This comes from a kind of “expressive individualism” that seeks both to give American adults utmost freedom to pursue their own desires and to enforce a public ideal of “tolerance” for family-related choices.
This mindset has the greatest consequences for less-educated Americans, who according to studies are less ly to have a “marriage mindset” and live by norms that lead to strong marriages.
Studies also show that the outcomes in families with two married parents are better than those with only one. In
comparing children raised in single-parent families, children in families with two married parents are significantly more ly to steer clear of events that limit their future economic opportunities (i.e. criminal activity) and they flourish more in today’s labor market. A higher percentage of college graduates come from intact families where mothers have received degrees in higher education.
Paul Amato, president of National Council of Family Relations, notes, “Studies consistently indicate, however, that children in stepfamilies exhibit more problems than do children with continuously married parents and about the same number of problems as do children with single parents.”
We all realize that today cohabitation has become an increasingly common venue for bearing/rearing children. More than 40 percent of children will spend some time in a cohabiting household and 21 percent of children are born into cohabiting unions. Cohabiting families are most common in Middle
America and in poor communities. Studies clearly show that children do not fare as well in cohabiting households as they do in married families. Cohabiting unions tend to have less commitment, trust, sexual fidelity, more violence and less parental supportiveness than married unions. Cohabitation is now a bigger risk to children in the U.S. than divorce.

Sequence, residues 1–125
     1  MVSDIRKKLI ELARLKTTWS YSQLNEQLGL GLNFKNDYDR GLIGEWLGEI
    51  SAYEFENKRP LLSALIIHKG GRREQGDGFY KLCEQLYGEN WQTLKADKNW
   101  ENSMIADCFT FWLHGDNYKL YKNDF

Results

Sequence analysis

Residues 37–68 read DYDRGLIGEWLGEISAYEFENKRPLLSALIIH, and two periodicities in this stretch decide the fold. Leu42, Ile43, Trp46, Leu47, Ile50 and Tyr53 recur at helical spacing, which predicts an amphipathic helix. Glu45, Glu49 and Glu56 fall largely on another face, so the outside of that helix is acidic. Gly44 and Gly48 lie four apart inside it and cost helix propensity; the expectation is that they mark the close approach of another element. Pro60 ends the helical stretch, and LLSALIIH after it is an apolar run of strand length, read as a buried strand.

How does faith play a role in keeping marriages and families strong? Studies show that men and women who share a common faith are more ly to succeed in their marriages. God as the center of one’s marriage is the best religious predictor of marital quality. Those who attend church regularly are 35 percent less ly to divorce.
Faith, lived intentionally, opens one’s heart to the greater meaning of life and love as defined by Christ and his church.
“The truth of love between a man and a woman,” according to Pope Benedict XVI, “can be only understood in light of the love of Christ crucified.
Marriage an exclusive and definitive love becomes the icon of the relationship between God and his people and vice versa,” (Final Report of the Extraordinary Synod of Bishops on the Family, #19).
Pope Francis, in treating the connection between the family and faith, writes: “Encountering Christ, letting themselves (young people) be caught up in and guided by his love, enlarges the horizons of existence, gives it a firm hope which will not disappoint.
Faith is no refuge for the fainthearted, but something which enhances our lives. It makes us aware of a magnificentcalling, the vocation of love. It assures us that this love is trustworthy and worth embracing, for it is God’s faithfulness which is stronger than our every weakness,” (LF #53; Instrumentum Laboris, #7).
When faith is weakened, the foundations of life, family and society are weakened (LF #55).
Much more can be said regarding why traditional marriage and family express the mind of God and are at the very foundation of what makes up a good society. But lack of space for further reflection in this edition has won out. The family has often been referred to as a “domestic” church.
As we begin a new year, perhaps all families can take the time to reflect upon their own family life from this perspective, praying the words of Pope Francis, “Holy Family of Nazareth, reawaken in our society (and our families) the awareness of the sacred and inviolable character of the family, an inestimable and irreplaceable good,” (From a Sunday Angelus in St. Peter’s Square, Rome).
May God richly bless your marriages and families.
The Importance of Marriage and Family